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How to take your own blood pressure


If taking your blood pressure by yourself and using a standard sphygmomanometer (blood pressure cuff), follow the instructions below.

picture of young African-American woman beginning to take her own blood pressure by placing blood pressure cuff snugly around her upper arm 1. Wrap blood pressure cuff snugly around your upper arm. Place the stethoscope around your neck.
picture of the woman placing blood pressure meter where she can read it 2. Position the meter so that you can easily read the numbers.
picture of the woman placing stethoscope ear pieces into her ears 3. Place stethoscope ear pieces into your ears. Position the bell of the stethoscope over where you felt the pulsation of your brachial artery. Partially tuck the bell of the stethoscope under the blood pressure cuff directly over the brachial artery.
picture of the woman inflating blood pressure cuff 4. Tighten stopcock on side of bulb. Then, squeeze bulb several times to inflate the cuff. Continue inflating cuff until you reach 180 mm. of pressure (or to 20 points above your last reading).
picture of the woman letting air out of stop-cock 5. Open the stopcock slowly to release air and observe the numbers on the meter. Note the number on the meter when you first heard sound and the number on the meter when you last heard sound.
picture of the woman recording the results of her blood pressure reading 6. Record these two numbers with the higher number on the top and the lower number on the bottom.

How to take your blood pressure if another person is helping you.

If another person is helping you and you are using a standard blood pressure cuff with stethoscope, follow these instructions.

picture of a young man helper assisting the woman with placement of the blood pressure cuff onto her upper arm 1. Have the person assisting you place the blood pressure cuff on your upper arm snugly.
picture of the helper donning a stethoscope 2. Helper should now don stethoscope and place the ear pieces into ears. The blood pressure meter should be fastened to the blood pressure cuff so that the helper can read the numbers.
picture of the helper placing bell of the stethoscope onto bend in arm where brachial pulse can be felt 3. Helper should place the bell of the stethoscope over the area of the brachial artery pulse. Next, he should tighten the stopcock on the bulb and inflate the cuff by squeezing the bulb.
picture of helper slowly releasing air from blood pressure cuff by opening stop-cock 4. After reaching 180 mm. (or 20 points above your last reading), helper should slowly open the stopcock to release the air in the cuff and listen carefully for sound. Record  reading as outlined in steps 5 and 6 above.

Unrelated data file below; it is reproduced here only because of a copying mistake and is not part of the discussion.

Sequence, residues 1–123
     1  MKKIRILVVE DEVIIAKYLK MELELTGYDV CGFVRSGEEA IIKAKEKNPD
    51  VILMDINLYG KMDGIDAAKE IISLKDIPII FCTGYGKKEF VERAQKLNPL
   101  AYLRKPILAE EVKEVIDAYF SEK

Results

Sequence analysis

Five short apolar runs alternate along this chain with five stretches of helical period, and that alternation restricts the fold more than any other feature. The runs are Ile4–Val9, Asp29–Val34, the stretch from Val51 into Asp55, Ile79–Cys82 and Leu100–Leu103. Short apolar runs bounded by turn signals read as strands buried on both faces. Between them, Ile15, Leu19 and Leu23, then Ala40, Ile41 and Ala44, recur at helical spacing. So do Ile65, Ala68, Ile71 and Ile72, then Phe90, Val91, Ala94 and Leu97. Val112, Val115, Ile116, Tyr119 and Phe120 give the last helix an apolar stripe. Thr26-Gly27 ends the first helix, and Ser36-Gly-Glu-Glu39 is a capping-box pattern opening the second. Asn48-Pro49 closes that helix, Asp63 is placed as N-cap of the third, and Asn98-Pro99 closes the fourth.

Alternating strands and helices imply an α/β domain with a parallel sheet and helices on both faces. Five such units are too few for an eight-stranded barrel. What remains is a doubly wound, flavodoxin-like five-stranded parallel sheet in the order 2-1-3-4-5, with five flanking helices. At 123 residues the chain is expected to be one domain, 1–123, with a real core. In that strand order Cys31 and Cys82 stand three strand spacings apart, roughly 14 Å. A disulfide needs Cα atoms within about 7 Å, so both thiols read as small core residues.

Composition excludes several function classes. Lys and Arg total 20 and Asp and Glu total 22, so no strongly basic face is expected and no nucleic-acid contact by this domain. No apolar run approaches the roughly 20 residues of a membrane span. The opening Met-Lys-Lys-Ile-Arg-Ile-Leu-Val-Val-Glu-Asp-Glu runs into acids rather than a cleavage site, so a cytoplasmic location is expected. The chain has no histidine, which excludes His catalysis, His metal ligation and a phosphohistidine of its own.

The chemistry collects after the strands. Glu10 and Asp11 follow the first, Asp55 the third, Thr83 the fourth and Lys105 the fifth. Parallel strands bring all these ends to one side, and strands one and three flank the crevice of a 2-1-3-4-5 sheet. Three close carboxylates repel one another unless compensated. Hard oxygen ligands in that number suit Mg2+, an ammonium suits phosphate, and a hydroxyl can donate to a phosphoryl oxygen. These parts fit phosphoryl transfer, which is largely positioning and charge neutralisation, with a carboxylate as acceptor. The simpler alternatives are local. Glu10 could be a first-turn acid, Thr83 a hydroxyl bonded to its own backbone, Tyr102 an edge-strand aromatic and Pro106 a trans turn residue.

How to take your own blood pressure using a battery-operated digital device.

Digital blood pressure machines are nearly as accurate as air-driven ones. If you are using a digital blood pressure device, follow these instructions. Note that a digital blood pressure device should be checked for accuracy every 6 months, comparing results with your doctor's mercury-driven machine.

young woman with digital blood pressure device 1. Apply the blood pressure cuff snugly onto your upper arm about one inch above the crease in the bend of your arm. Velcro closure may be released and reset to tighten cuff as needed.
young woman with digital blood pressure device 2. Sit quietly with your arm straight, palm up and your elbow resting in a relaxed position on the table. Your upper arm should be about the same level as your heart.
 young woman with digital blood pressure device 3. Turn on the machine by pressing the "ON" button. Wait for the blinking heart to appear in the read-out screen, then press the "START" button.
 young woman with digital blood pressure device 4. The cuff will tighten, then slowly release. In less than 60 seconds, your digital blood pressure reading will appear in the read-out screen.
 young woman with digital blood pressure device 5. Your pulse rate (number of heartbeats per minute) will also appear in the read-out screen.
 young woman with digital blood pressure device 6. Record  reading as outlined in steps 5 and 6 above.




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1999-2000; updates: 2002, 2004, 2005, 2007 Women's Heart Foundation, Inc. All rights reserved. Unauthorized use prohibited. The information contained in this Women's Heart Foundation (WHF) Web site is not a substitute for medical advice or treatment, and WHF recommends consultation with your doctor or health care professional.